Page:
Plans to hold misconduct hearings for nurses and midwives in private are part of a “pattern of moves to limit the public’s right to know” about safety problems within the National Health Service, the Campaign for Freedom of Information has warned.
The proposals, unveiled by the Nursing and Midwifery Council (NMC) last week, would mean that the vast majority of fitness to practice hearings – those in which a nurse of midwife admitted an error – would be held in secret.
NMC chief executive Jackie Smith told the Daily Telegraph that she wanted to replace the “cumbersome and adversarial” conduct and competence procedures.
Under the draft strategy, nurses and midwives who could otherwise expect to be struck off could continue working if they were able to convince the NMC that they had learnt their lesson.
Currently, nurses or midwives must face a three-member independent panel, aided by a legal assessor, with the case being put by a barrister or solicitor acting as a case presenter for the NMC.
The new approach could be applied in the most serious of cases, including those which resulted in patients’ deaths, the Daily Telegraph reported.
Smith said the plans were an attempt to protect patient safety without “punishing” midwives for mistakes.
Full public hearings would take place only in the most exceptional circumstances, she said, adding: “This is not about doing deals behind closed doors.”
The proposals are due to go to a public consultation.
In its mission statement, the NMC says; “We believe in people, we believe they matter; we value fairness, we are consistent and act with integrity; we value transparency, we are open and honest.”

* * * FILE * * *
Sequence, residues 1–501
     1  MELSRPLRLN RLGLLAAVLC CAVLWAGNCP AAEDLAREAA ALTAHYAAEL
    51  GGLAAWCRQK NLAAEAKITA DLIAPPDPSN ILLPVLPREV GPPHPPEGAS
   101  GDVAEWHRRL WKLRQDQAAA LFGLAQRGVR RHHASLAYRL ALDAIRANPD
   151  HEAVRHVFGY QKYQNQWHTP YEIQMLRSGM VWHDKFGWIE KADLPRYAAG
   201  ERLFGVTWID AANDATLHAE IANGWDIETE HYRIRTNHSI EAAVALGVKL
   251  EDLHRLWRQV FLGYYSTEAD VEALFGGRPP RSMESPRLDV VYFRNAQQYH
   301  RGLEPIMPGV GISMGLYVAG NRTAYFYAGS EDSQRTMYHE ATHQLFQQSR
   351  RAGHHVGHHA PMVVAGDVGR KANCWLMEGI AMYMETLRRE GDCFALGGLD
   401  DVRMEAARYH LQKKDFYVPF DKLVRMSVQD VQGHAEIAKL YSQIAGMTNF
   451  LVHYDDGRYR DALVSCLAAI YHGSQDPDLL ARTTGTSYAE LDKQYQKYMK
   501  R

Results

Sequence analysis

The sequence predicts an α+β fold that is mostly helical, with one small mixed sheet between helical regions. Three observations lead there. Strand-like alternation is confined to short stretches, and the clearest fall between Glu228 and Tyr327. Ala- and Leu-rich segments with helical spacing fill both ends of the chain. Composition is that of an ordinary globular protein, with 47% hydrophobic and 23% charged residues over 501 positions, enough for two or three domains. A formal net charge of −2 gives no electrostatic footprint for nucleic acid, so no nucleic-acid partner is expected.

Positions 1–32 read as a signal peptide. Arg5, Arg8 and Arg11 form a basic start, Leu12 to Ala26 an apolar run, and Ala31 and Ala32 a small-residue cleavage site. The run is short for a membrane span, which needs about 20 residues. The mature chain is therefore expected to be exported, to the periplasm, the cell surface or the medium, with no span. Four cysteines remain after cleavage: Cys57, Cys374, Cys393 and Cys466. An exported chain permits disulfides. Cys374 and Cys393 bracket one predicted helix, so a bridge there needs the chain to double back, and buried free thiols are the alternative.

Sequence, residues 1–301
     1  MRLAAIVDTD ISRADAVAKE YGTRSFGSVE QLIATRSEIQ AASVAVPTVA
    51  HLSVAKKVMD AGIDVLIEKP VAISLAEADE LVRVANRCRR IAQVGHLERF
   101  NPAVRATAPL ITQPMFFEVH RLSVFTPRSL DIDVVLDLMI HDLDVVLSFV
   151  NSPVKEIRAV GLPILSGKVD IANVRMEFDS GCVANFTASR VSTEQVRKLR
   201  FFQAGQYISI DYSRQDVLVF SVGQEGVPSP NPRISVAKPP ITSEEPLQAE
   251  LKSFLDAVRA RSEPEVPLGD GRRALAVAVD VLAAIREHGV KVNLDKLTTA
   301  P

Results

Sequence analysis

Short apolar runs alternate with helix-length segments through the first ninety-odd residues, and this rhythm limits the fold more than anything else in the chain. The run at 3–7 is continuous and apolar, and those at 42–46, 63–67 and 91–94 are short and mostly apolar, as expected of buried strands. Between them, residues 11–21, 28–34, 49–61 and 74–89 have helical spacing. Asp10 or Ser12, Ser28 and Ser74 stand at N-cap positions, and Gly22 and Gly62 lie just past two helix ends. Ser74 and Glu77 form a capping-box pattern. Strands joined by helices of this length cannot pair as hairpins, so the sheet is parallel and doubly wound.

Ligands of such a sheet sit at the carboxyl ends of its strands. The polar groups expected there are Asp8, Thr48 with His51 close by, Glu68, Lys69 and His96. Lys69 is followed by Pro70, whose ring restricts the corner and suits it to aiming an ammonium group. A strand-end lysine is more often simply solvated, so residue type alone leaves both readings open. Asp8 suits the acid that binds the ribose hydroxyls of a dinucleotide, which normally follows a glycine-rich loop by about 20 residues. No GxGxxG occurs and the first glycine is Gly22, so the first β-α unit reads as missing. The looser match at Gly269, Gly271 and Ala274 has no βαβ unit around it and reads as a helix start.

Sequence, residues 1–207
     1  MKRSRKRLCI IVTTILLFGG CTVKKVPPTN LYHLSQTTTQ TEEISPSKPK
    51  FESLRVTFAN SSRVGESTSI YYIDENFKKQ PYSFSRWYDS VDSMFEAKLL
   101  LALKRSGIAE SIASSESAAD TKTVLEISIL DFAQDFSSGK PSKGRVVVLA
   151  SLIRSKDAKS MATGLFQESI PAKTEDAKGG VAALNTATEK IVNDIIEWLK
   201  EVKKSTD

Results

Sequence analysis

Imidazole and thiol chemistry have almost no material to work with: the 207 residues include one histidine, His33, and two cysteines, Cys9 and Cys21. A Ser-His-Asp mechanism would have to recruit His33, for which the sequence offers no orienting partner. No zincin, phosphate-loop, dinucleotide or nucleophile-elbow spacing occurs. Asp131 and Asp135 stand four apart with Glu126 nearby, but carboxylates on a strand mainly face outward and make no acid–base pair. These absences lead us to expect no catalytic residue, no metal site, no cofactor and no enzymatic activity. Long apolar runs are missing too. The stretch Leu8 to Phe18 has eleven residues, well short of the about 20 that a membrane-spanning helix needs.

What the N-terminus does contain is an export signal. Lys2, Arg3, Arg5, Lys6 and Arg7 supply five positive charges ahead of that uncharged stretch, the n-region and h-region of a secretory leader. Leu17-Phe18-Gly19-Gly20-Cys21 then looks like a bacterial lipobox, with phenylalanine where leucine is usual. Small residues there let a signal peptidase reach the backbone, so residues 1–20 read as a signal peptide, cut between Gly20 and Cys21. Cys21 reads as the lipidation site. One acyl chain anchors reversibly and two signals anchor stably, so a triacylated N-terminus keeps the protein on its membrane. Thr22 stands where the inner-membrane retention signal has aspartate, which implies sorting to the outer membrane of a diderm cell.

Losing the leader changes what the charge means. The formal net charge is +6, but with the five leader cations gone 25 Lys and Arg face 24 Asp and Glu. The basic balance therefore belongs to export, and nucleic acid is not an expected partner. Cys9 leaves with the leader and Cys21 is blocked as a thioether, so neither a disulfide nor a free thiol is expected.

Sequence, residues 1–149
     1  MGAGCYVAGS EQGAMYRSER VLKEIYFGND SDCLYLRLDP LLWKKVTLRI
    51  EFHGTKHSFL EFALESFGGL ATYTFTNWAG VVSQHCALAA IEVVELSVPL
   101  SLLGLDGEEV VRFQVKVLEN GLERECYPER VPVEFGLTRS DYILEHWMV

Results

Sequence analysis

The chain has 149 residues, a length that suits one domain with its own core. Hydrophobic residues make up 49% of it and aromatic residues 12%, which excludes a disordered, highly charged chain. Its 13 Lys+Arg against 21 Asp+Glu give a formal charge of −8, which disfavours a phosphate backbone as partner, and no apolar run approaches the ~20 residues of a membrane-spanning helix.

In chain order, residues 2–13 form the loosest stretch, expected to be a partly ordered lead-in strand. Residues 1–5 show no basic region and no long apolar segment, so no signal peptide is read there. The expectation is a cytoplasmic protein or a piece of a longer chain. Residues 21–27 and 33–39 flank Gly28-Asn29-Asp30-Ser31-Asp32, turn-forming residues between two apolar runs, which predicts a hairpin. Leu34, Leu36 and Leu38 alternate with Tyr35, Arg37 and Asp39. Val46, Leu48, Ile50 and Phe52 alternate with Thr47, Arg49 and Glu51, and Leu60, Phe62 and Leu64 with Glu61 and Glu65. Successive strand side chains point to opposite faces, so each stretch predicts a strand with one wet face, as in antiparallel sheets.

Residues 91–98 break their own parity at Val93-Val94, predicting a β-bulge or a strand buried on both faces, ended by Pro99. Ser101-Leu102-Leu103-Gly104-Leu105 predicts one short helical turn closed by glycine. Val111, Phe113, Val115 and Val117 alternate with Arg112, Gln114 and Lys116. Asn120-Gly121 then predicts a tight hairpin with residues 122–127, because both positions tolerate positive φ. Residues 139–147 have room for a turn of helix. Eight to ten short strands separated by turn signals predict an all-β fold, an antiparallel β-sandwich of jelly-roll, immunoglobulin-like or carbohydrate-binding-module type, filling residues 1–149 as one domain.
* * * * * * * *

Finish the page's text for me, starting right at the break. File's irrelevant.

The NMC deal with around 5,000 cases of misconduct each year – or about 0.7 per cent of all nurses and midwives on the register.
About 23 per cent of misconduct hearings result in the registrant being struck off.
But the Campaign for Freedom of Information said the NMC’s proposal to do away with most public hearings echoed Government plans to keep evidence about safety incidents secret, which the Government published last year.
Although reasons for decisions would be published, no transcript of the hearing would be, the Campaign said. It said: “The risk is that failings at a hospital – or by the NMC itself – will be obscured, undermining public confidence in the NHS.”
It added: “The same philosophy underpins Department of Health proposals for a new body to investigate significant NHS safety incidents.
“The Health Service Safety Investigation Body would report on its investigations but be prohibited from revealing unpublished information in response to freedom of information (FoI) requests.
“The Department says this would allow staff to speak freely to investigators without fear of being unfairly blamed.”
Campaign director Maurice Frankel said: “The secrecy would not be limited to information provided by staff involved in safety incidents – it would apply to any information from any source obtained during an investigation, including information from the NHS trust itself, independent experts or a drug or medical device manufacturer.
“Even test results on equipment or anonymised accounts of previous incidents would be kept secret indefinitely.”
Only limited disclosures would be allowed, for example, to the police, regulatory bodies or other NHS bodies.
Journalists or campaign groups would have to persuade the High Court to order disclosure of information which is currently available under FoI.
The campaign said the NMC’s proposals “reflect the same disturbing philosophy: that patient safety is best served by addressing problems in private”.
The NMC’s proposals are in a draft consultation paper to be discussed by the NMC board on Wednesday.
Picture: Reuters/Stefan Wermuth